Free radical damage has long been considered a major cause of molecular damage, thus playing an important role in the aging process. And the belief that protecting against free radical damage may help to slow the aging process is reflected in the quantity of anti-aging products on the market that advertise their anti-oxidant properties.
However, researchers at University College London suggest that their work on the aging of the nematode worm (C. elegans) may call into question the universal acceptance of this theory.
Dr David Gems and his team investigated the effect of knocking out genes that code for superoxide dismutase enzyme (SOD) – an enzyme that helps to protect the organism against free radical damage.
Removing SOD doesn’t affect lifespan
If SOD helps to reduce the presence of the superoxide anion, it should protect the organism from free radical damage. Removing SOD should, therefore, lead to an increased free radical load, accelerate aging and ultimately shorten the worm’s lifespan.
According to the researchers, however, this was not the case. The scientists knocked out 5 SOD genes and only one had a shortening effect on the worm’s lifespan, and even this effect was very slight, they argued.
Over expression of the same gene (SOD-1) did increase lifespan slightly, which according to the scientists implies a ‘small contributory role of the superoxide anion to aging’.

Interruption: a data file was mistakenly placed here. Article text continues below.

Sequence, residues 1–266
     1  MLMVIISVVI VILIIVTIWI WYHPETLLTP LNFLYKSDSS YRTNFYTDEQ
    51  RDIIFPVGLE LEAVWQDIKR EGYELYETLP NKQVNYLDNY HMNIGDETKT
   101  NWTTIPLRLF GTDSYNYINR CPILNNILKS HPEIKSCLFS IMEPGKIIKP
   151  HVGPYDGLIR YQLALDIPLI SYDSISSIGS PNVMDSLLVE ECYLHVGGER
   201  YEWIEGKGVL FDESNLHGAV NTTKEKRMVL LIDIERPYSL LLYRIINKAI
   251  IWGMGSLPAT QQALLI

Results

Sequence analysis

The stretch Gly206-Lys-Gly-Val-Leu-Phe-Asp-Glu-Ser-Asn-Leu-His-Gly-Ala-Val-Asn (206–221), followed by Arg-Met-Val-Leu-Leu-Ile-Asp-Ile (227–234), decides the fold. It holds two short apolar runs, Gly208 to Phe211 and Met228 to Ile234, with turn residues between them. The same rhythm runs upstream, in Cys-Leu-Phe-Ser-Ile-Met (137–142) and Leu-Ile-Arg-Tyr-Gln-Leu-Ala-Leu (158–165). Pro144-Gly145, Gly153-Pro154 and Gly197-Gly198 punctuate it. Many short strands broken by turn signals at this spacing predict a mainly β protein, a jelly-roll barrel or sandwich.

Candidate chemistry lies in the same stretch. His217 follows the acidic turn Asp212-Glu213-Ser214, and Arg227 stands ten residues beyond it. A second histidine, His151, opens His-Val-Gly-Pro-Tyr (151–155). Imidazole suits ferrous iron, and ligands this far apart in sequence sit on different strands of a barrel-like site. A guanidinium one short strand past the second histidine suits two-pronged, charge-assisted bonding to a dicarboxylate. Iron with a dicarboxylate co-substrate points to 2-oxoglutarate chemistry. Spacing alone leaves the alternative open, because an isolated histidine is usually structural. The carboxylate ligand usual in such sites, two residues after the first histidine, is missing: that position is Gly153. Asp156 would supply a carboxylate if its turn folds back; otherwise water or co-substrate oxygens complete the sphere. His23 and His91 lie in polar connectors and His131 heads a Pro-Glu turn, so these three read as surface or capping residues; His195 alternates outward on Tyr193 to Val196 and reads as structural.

From the study, published in the journal Genes and Development, the researchers conclude: “SOD and superoxide anion have, at most, minor effects on aging in C. elegans.”
Relevance to humans?
Nevertheless, it is not clear what this means for higher organisms such as humans, particularly in light of the different effects that altering the SOD gene expression is known to have in the nematode worm, the mouse and the drospohila.
Gems argues that, amongst other things, the research highlights our lack of knowledge when it comes to the mechanisms of aging.
“The fact is that we don't understand much about the fundamental mechanisms of aging,” he said. “The free radical theory of aging has filled a knowledge vacuum for over fifty years now, but it just doesn't stand up to the evidence.”
For Dr Gems, oxidative damage is not the universal culprit in the aging process; instead he suggests other factors must be involved.
“One of the hallmarks of aging is the accumulation of molecular damage, but what causes this damage?” he said.
“It’s clear that if superoxide is involved, it only plays a small part in the story. Oxidative damage is clearly not a universal, major driver of the ageing process. Other factors, such as chemical reactions involving sugars in our body, clearly play a role.”
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